He said that the Selangor government was “morally obliged” to provide alternative housing for free to settlers above the age of 50.

“The state government should at the very least provide them with rent-free homes throughout their lifetime,” said Jayathas.

Notice to move before April 25

He urged the state government to provide a written guarantee to these “underprivileged, victimised Indian settlers” to ensure that they would be sheltered.

The demolition notice requested that the residents move out before April 25.

Kampung Muniandy currently houses 41 Indian families, all of whom have been served eviction notices.

The project developer of Kampung Muniandy had in fact promised to build low cost houses for the initial group of 276 families seven years ago.

Of these, 235 have been shifted to low-cost housing scheme in Lembah Subang but 41 remained despite having signed Sale and Purchase agreements.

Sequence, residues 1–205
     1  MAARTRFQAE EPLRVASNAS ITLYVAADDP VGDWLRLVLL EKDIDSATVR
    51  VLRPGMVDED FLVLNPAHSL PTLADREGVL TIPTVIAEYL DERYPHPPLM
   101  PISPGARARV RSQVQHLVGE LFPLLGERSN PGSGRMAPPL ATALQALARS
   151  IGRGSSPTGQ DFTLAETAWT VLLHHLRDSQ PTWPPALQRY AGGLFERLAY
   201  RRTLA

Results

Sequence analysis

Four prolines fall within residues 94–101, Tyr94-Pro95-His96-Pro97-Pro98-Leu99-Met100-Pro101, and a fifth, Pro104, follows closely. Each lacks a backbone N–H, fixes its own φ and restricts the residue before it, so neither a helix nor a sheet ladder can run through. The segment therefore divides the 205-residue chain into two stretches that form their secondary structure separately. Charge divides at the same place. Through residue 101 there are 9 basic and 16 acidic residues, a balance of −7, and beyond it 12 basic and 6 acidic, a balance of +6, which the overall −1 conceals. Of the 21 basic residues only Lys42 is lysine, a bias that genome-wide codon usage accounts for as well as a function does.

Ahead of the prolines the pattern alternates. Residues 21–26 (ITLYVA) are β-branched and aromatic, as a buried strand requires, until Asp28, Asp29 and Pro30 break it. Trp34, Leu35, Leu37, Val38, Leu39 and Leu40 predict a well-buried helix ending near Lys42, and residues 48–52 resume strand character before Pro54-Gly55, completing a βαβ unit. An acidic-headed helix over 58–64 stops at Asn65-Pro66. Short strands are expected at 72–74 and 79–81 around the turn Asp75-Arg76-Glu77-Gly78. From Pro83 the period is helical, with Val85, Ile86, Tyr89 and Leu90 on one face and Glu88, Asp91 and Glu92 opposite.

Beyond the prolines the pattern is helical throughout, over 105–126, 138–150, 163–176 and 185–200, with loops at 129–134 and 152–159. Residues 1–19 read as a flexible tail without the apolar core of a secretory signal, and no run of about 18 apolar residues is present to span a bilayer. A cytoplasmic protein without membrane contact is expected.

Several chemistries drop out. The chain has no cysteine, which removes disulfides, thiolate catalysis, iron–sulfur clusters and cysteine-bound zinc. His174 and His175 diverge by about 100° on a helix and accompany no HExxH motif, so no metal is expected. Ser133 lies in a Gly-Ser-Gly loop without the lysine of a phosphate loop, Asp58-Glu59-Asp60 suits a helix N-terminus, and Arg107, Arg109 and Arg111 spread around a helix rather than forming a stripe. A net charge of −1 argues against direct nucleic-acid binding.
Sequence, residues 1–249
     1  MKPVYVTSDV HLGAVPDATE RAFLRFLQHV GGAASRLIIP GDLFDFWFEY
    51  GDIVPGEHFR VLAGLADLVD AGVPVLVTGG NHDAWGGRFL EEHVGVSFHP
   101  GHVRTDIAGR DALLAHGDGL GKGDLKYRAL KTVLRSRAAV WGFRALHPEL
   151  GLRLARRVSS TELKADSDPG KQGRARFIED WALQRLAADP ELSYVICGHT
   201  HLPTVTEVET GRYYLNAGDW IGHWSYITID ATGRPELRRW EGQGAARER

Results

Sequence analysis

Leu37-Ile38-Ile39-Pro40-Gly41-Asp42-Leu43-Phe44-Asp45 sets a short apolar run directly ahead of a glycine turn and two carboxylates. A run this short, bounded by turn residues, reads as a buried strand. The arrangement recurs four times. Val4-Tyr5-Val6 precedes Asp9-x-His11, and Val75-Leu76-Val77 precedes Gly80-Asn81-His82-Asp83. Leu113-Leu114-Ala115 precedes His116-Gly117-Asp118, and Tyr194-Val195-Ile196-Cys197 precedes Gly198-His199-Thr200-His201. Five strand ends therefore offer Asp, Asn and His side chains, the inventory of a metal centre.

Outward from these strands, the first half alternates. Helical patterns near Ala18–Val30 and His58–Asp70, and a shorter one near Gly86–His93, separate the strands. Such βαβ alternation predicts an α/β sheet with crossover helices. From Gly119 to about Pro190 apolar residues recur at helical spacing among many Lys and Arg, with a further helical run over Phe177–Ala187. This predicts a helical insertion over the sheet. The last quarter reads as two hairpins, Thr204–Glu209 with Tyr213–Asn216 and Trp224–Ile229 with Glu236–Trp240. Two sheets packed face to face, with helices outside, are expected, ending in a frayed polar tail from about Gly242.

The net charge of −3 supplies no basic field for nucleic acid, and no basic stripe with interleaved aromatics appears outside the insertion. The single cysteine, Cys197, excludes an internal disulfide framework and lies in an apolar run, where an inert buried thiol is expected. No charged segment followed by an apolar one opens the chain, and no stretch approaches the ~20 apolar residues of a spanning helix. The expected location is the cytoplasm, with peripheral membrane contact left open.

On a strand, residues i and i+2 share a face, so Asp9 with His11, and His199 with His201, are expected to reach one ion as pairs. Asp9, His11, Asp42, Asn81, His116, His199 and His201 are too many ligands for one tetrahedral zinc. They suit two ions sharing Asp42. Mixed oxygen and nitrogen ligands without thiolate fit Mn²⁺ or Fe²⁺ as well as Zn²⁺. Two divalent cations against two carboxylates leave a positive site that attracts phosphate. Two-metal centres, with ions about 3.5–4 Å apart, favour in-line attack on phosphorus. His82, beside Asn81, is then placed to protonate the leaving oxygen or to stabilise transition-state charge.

All of them paid deposits of up to RM4,000 for these homes costing between RM35,000 and RM42,000.

“The settlers have been waiting for the past seven years for their S&Ps by the developer to be honoured,” said Jayathas.

Groups blast 'cancel Deepavali, Wesak hols' call

(Malaysiakini) The call by the chairperson of the Kuala Lumpur and Selangor Chinese Chamber of Commerce for the public holidays of Deeapavali and Wesak to be cancelled and made into normal working days has raised the ire of groups, who have demanded that the remark be retracted and an apology issued. 

NONEWilliam Cheng (left) had reportedly lamented as 'too many' the number of public holidays for being bad for business. 

The government should consider cancelling Deepavali and Wesak Day, Cheng was said to have proposed, as only a “minority” group of people celebrate the occasions. 

Expressing “shock” at his statement today, DAP said expressed its “strongest objection” against the proposal.

First of all, said the party's national vice-chairperson, Hindus who celebrate Deepavali and Buddhists who celebrate Wesak are not a mere minority. 

“These festivals are celebrated by millions in this country,” said M Kulasegaran, who is also DAP's Ipoh Barat member of parliament.